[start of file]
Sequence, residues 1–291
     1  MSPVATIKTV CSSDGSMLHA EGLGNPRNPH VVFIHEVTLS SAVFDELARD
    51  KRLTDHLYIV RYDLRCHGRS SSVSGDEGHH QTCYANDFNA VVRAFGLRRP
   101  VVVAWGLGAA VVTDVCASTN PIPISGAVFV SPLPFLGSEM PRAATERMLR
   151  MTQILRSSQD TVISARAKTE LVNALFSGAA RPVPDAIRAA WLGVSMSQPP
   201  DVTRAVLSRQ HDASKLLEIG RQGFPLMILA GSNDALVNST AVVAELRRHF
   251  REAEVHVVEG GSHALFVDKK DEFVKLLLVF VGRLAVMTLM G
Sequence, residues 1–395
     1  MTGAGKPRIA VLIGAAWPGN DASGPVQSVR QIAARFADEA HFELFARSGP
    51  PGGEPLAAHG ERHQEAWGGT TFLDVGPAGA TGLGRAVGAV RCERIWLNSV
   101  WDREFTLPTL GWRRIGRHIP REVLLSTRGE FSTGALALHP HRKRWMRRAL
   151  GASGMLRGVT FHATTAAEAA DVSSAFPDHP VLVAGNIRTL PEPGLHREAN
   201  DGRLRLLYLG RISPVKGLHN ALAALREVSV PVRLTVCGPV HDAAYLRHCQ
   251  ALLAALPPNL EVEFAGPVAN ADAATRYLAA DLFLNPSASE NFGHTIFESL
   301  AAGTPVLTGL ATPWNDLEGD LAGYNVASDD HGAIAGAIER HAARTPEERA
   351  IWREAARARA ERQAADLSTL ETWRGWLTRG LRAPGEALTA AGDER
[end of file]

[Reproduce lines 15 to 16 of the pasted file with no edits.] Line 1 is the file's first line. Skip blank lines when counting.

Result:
   301  AAGTPVLTGL ATPWNDLEGD LAGYNVASDD HGAIAGAIER HAARTPEERA
   351  IWREAARARA ERQAADLSTL ETWRGWLTRG LRAPGEALTA AGDER